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Reduce Stigma – Start Talking!

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This past Monday was deemed the “most depressing” day of the year. Considering I suffer from depression, I had a pretty great day!

However, it’s not just one day a year that people suffer from being a little irritable and grumpy.

The reason I felt the need to be post about this condition is because, with clinical depression comes a lot of stigma. And there’s no need for it. One in five people suffer from some sort of depression. And I’m not talking about occasional sadness or periods of feeling distressed or miserable. I’m talking about feeling day-to-day sadness, anxiety, pessimism, and helplessness.

Now I realize I have a lot to be thankful for, and happy about. And if it were only that easy … well, then I wouldn’t be writing this.

But think of it this way: if you had (or have) diabetes, you would be expected to do something about it. People wouldn’t typically judge you for having to take insulin everyday. Depression is, for all intents and purposes, the same thing. Good mental health is just as important as good physical health—it’s essential to a balanced lifestyle.
I read a statistic that says only one in three depressed women will seek professional help and though women experience depression twice as often as men, men are three times more likely to commit suicide.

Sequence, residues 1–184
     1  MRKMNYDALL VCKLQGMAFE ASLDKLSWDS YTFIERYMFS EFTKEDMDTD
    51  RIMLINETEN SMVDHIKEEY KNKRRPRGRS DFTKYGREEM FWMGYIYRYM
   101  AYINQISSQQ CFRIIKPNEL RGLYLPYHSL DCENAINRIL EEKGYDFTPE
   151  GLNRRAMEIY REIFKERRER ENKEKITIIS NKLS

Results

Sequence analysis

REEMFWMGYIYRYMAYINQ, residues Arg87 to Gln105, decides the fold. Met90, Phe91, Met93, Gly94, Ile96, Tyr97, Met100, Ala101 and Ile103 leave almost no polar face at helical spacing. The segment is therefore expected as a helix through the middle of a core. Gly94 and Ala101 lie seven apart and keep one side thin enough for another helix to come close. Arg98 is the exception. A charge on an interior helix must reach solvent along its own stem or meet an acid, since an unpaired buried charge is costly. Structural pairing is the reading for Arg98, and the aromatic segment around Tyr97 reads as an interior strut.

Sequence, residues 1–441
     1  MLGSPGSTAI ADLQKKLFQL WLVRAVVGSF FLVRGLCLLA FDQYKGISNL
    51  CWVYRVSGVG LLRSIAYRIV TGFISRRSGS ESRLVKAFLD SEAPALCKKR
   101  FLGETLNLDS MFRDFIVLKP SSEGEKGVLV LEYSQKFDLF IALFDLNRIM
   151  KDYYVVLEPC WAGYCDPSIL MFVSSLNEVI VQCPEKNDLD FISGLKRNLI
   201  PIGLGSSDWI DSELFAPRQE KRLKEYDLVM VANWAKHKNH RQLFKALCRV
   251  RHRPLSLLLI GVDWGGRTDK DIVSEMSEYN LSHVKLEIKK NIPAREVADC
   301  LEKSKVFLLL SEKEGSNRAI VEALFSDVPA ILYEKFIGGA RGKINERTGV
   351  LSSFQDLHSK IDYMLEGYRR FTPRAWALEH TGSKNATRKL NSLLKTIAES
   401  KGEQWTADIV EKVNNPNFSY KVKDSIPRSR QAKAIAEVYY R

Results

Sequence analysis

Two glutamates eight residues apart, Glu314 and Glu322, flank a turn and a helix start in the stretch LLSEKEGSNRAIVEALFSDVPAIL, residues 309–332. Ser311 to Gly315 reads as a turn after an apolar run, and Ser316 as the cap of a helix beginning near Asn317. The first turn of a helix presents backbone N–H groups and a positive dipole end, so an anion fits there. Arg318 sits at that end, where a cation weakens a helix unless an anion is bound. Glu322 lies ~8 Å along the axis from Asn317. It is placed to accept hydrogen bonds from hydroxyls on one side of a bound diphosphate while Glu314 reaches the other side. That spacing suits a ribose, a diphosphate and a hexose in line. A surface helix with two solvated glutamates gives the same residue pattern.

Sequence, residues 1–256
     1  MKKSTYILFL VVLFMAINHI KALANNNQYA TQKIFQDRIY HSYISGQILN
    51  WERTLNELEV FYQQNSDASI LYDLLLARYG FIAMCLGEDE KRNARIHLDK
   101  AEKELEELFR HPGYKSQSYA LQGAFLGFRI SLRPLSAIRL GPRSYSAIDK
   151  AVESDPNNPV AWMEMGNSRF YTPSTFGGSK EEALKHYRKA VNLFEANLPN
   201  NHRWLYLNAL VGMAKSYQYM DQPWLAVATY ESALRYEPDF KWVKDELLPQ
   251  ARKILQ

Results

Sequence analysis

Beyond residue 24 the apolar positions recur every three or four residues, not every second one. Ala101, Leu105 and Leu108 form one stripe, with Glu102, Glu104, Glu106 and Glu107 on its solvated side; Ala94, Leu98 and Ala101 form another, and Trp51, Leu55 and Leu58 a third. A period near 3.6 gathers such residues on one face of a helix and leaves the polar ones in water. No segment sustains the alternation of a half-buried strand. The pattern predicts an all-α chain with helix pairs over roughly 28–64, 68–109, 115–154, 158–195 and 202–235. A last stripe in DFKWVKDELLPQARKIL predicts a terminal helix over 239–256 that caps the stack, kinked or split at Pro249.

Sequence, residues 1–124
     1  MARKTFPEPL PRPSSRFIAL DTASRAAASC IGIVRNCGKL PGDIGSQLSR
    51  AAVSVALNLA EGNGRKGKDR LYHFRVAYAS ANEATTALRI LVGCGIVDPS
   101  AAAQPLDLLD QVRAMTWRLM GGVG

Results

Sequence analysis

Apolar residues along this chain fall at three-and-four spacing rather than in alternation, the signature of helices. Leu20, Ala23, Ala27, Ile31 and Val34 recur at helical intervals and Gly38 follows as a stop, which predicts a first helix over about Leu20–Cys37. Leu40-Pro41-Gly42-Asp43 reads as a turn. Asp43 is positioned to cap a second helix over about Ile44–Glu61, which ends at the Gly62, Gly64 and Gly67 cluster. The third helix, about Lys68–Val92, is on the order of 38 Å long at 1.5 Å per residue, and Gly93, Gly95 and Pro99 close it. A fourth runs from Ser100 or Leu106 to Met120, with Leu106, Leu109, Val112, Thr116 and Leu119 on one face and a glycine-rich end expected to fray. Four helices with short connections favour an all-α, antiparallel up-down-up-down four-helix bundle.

Depression is said to be genetic, and I have reason to believe that several of my family members had or do suffer from it. But I find the more you talk about it, and share your stories with other people, the more you find that you’re not alone. One of the most important things is sustaining a strong support system and encouraging positive relationships.

That’s where I’m pretty lucky. I love my job, and I work with really cool people. I have a great family and terrific friends. I live downtown and I am experiencing the wonderful things Toronto has to offer, but it’s not always as easy as simply counting your blessings and snapping out of the funk.

Think about this: people who are dealing with depression and doing something positive about it, look like everybody else.

It’s the people that don’t get help or seek treatment—the people who don’t talk about it or feel like they’re alone—those are the ones that are connected to depression and mental illness. That is where the stigma lies.

There are a lot of great Web sites out there with a lot of really useful information—and being informed is the first step towards feeling better, whether it’s you who is suffering, or someone you care about.

So I want to reduce the stigma behind depression. It’s more common than you think, and there’s no shame in asking for help or sharing your stories with others!

I’m not alone here, am I? Start talking—you might be surprised how good it feels to share with people who are feeling the same way you do!


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